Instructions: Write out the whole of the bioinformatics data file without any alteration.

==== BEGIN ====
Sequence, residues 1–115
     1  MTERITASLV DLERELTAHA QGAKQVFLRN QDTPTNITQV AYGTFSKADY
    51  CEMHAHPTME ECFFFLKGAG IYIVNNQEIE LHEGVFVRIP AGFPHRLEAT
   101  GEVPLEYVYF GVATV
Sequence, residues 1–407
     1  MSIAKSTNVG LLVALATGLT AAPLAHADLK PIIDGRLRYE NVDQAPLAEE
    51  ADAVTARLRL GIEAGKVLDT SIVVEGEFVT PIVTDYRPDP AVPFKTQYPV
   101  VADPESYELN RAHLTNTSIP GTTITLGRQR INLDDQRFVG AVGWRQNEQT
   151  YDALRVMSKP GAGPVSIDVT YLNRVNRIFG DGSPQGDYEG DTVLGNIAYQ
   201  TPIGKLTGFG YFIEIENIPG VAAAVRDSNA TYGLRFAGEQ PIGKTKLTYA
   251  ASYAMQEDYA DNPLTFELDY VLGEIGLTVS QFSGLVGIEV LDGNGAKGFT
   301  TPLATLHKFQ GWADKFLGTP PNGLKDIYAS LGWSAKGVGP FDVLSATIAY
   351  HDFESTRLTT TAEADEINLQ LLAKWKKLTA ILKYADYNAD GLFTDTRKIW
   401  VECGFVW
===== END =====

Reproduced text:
Sequence, residues 1–115
     1  MTERITASLV DLERELTAHA QGAKQVFLRN QDTPTNITQV AYGTFSKADY
    51  CEMHAHPTME ECFFFLKGAG IYIVNNQEIE LHEGVFVRIP AGFPHRLEAT
   101  GEVPLEYVYF GVATV
Sequence, residues 1–407
     1  MSIAKSTNVG LLVALATGLT AAPLAHADLK PIIDGRLRYE NVDQAPLAEE
    51  ADAVTARLRL GIEAGKVLDT SIVVEGEFVT PIVTDYRPDP AVPFKTQYPV
   101  VADPESYELN RAHLTNTSIP GTTITLGRQR INLDDQRFVG AVGWRQNEQT
   151  YDALRVMSKP GAGPVSIDVT YLNRVNRIFG DGSPQGDYEG DTVLGNIAYQ
   201  TPIGKLTGFG YFIEIENIPG VAAAVRDSNA TYGLRFAGEQ PIGKTKLTYA
   251  ASYAMQEDYA DNPLTFELDY VLGEIGLTVS QFSGLVGIEV LDGNGAKGFT
   301  TPLATLHKFQ GWADKFLGTP PNGLKDIYAS LGWSAKGVGP FDVLSATIAY
   351  HDFESTRLTT TAEADEINLQ LLAKWKKLTA ILKYADYNAD GLFTDTRKIW
   401  VECGFVW